So I picked him up. He's heavy and awkward when he's wriggling. As he struggled, I tossed him, more emphatically than I would have wished, into the bathroom and shut the door. Time for a timeout. It was quiet. Toffee went to his favorite chair and settled down, and Harris came in cautiously to investigate. After several minutes, I was ready to let Possum out. But I couldn't open the bathroom door. He had barricaded himself in there. There is a heavy, solid-cherry bi-fold door at 90 degrees to the bathroom door. It swings open and closed lightly and easily, usually. But Possum must have opened it and wedged it firmly against the bathroom door. It would not budge. He was locked in and the six of us were locked out.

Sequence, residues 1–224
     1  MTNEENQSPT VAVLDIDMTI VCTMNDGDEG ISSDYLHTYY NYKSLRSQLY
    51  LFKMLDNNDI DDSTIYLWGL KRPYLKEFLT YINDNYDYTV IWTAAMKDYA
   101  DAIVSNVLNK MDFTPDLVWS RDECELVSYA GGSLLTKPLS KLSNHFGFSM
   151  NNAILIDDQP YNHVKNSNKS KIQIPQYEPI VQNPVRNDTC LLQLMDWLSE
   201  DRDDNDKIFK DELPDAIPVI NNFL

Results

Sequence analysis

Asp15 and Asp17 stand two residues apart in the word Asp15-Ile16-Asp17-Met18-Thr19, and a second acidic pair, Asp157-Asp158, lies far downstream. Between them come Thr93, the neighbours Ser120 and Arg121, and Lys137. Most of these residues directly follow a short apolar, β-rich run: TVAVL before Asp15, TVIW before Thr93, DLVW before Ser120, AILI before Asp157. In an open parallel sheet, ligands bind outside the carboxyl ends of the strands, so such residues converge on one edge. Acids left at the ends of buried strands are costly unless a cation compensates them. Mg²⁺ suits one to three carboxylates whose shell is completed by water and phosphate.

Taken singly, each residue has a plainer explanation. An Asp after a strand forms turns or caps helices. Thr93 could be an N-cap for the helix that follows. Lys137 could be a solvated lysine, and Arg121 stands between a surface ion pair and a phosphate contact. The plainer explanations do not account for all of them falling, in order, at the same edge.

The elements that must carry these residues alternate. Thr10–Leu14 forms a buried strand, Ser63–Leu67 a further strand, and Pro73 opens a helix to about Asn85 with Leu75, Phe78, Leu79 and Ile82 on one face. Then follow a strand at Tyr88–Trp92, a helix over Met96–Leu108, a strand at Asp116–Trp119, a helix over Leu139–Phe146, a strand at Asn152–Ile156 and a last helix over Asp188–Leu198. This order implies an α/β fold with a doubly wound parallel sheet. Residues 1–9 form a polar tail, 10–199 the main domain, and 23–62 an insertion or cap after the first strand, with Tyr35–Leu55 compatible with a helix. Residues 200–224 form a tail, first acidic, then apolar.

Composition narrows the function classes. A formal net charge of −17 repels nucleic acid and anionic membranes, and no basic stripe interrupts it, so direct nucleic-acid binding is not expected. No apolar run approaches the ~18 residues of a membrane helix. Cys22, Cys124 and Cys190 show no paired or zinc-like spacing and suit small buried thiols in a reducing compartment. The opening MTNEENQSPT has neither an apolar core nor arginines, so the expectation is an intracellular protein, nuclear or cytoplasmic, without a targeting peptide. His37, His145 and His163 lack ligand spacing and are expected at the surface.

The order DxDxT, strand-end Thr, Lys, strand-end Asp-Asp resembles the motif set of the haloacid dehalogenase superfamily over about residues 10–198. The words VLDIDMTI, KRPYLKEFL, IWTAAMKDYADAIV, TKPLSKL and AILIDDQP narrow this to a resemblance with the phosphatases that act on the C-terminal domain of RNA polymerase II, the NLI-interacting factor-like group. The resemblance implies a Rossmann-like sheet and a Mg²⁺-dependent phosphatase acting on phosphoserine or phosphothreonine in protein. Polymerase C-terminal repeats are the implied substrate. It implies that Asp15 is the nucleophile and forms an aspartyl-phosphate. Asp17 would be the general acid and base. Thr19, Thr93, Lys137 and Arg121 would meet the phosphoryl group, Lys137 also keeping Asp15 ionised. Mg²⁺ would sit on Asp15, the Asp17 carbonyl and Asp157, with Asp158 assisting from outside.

And, naturally, I'd been about to use the bathroom before any of this happened.
To be continued
*The wrapping discovery follows my recent realization that flossing before you brush is way more sensible than flossing after you brush. Since flossing is the last step in a professional dental cleaning, I'd been doing it at the end, too. But then I thought about it. And, duh: never again.